We study a municipal groundwater management problem to determine optimal allocation and control policies in the presence of water transfer opportunities. We establish and characterize threshold polices governing export or import decisions of a given municipality. In the spirit of the Triple Bottom Line (3BL), we ascertain that exporting (importing) water through a water market defined by an exogenous export/import price is detrimental (beneficial) to both society and the environment within the municipality. In contrast, fixed quantity trading between two municipalities defined by an endogenously negotiated export/import price can have positive as well as negative impacts from a global 3BL perspective. In particular, typical trading scenarios that occur between municipalities can be detrimental to the environment. We also study the implications of privatization, and find that a privatized municipality would be more (less) likely to export (import) water as compared to its non-privatized counterpart, resulting in negative implications for society within the municipality. However, if exports are banned, privatization can benefit the environment by mitigating the damage caused by the extraction differential, a phenomenon analogous to the green paradox. Moreover, careful and restricted privatization of municipalities can lead to positive global 3BL impacts from fixed quantity trading.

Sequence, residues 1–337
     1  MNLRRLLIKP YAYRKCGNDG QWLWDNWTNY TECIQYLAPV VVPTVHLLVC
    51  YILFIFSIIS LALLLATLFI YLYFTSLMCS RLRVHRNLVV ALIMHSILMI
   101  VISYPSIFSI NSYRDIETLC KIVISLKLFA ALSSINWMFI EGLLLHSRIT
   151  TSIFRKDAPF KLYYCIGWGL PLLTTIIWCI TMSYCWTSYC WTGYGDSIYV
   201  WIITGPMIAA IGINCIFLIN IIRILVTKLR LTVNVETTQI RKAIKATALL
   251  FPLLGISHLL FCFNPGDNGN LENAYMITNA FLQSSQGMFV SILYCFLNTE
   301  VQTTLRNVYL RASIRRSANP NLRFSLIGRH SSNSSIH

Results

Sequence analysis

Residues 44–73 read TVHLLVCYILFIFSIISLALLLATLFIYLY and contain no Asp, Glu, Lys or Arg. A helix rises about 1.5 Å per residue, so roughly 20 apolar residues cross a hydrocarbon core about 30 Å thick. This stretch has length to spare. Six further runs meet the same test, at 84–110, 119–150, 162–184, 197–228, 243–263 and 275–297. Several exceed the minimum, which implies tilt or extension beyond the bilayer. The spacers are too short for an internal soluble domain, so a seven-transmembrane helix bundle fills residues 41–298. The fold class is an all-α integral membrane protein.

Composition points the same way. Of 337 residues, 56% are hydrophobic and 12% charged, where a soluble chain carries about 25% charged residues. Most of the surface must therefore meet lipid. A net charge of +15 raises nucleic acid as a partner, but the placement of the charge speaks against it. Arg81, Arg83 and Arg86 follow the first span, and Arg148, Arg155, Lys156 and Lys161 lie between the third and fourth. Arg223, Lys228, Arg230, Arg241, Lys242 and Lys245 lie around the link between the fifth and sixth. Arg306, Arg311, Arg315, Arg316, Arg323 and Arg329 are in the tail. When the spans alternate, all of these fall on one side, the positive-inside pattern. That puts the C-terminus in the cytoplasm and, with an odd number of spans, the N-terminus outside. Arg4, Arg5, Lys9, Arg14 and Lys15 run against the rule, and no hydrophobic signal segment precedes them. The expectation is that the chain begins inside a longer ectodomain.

- groundwater management
- Triple Bottom Line
- water transfers
ASJC Scopus subject areas
- Management Science and Operations Research
- Industrial and Manufacturing Engineering
- Management of Technology and Innovation